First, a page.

WEYMOUTH, England -- The United States won't win an Olympic sailing medal for the first time since the 1936 Berlin Games.
Anna Tunnicliffe, the last American skipper with a chance, couldn't fight back tears after her run at a second straight gold medal ended Wednesday.
Tunnicliffe, a Perrysburg graduate who was born in England and moved to northwest Ohio when she was 12, was among the favorites in women's match racing after she won the Laser Radial gold medal in 2008. She and crew members Debbie Capozzi and Molly Vandemoer lost to Finland in the quarterfinals on Wednesday and can't finish better than fifth.
"We sailed this whole regatta the best we could and it just wasn't meant to be," Tunnicliffe said.
The Americans fell behind 0-2 when the best-of-five quarterfinals began Tuesday. When they resumed, the Americans beat Finland in the third flight to remain alive, but lost the fourth flight by two seconds.
The two crews had trained together.
"It works both ways, right?" Tunnicliffe said when asked if the Finnish crew knew the American tendencies too well. "We know them and they know us. Our ultimate goal was to come in here and go into the finals against each other and duke it out on the track. Unfortunately we met in the quarters instead of the finals. Someone has to go home out of the quarters, and it was us."
U.S. Sailing officials on both sides of the Atlantic had blunt assessments of the overall program and promised an extensive review of why the Americans were so uncompetitive in an Olympics in which they were expected to take three or four medals.
"This is not the distinction this team was going for," said Dean Brenner, the outgoing chairman of the U.S. Olympic Sailing Program. "Listen, there's no hiding. There's no way to spin it. There's no way to suggest anything other than we didn't perform."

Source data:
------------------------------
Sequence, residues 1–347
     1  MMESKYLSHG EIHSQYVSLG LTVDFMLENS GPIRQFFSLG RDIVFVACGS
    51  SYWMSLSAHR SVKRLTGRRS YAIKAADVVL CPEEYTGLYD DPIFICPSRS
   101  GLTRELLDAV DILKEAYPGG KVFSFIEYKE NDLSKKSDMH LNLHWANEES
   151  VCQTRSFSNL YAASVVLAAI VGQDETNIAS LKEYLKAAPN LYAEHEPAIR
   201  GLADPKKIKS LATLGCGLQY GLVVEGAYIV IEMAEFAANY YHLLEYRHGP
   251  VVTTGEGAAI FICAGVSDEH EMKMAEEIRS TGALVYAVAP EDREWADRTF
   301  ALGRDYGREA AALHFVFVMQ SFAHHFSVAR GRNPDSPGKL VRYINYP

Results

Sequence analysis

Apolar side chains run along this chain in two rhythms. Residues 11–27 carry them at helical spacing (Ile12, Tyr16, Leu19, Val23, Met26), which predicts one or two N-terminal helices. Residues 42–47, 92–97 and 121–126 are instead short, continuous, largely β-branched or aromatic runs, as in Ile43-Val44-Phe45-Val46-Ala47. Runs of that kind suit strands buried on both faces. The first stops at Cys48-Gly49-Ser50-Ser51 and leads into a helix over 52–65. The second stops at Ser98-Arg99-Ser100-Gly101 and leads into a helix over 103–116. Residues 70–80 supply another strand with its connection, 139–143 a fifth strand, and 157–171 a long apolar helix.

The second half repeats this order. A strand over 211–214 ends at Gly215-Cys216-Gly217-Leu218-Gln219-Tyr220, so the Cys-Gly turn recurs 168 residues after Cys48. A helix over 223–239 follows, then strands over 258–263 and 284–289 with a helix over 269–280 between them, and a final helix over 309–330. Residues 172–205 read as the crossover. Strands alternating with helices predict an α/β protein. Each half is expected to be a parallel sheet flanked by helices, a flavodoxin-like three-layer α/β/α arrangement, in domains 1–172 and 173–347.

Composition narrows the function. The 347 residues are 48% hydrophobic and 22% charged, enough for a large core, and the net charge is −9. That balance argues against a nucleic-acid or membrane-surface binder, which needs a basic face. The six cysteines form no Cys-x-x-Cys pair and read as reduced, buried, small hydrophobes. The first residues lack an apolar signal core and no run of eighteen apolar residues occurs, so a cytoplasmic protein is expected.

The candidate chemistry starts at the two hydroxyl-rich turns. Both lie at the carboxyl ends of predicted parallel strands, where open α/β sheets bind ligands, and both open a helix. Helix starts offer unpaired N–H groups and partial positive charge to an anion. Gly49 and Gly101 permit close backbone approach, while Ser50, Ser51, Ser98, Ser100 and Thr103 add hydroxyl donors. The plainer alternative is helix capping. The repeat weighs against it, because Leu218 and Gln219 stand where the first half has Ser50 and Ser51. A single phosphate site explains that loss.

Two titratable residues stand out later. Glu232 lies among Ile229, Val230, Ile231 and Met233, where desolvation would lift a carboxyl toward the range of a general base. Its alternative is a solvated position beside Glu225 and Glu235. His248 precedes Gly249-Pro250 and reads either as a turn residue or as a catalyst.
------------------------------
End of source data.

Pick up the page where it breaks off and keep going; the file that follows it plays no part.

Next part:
U.S. Sailing President Gary Jobson, who spent a week watching the games before returning to Annapolis, Md., was equally blunt, calling the failure to medal "a heck of a wake-up call."
"In essence, we weren't competitive in any class," Jobson told the Associated Press by phone.
"I was a little surprised, and, like all American sailors, disappointed," Jobson said. "The question for me is, what do we do about it? I can't predict how the review will go, but I can tell you it's going to be thorough. This isn't going to stand long-term."
The U.S. has won 59 Olympic sailing medals, the most of any nation, although its 19 gold medals trail Britain's 26.
Among America's sailing gold medalists are Lowell North, who founded North Sails; Buddy Melges, who co-skippered the winning sloop in the 1992 America's Cup; and Mark Reynolds, a San Diego sailmaker and four-time Olympian who won two golds and a silver in the venerable Star class. Another four-time Olympian and three-time medalist, Paul Foerster, capped his Olympic career with a gold in 2004.
Mr. America's Cup himself, Dennis Conner, won a bronze medal in 1976.
This time, there will be none.
While other countries are better-funded -- Britian's strong team gets money from the national lottery -- both Brenner and Jobson said money was not a problem for the U.S.
"Clearly there are some things in our performance program that need a look," Brenner said.
"I don't' think we had speed," Jobson said. "We weren't fast."
In the nine classes that use a fleet-racing format, Americans reached the medals races in only three.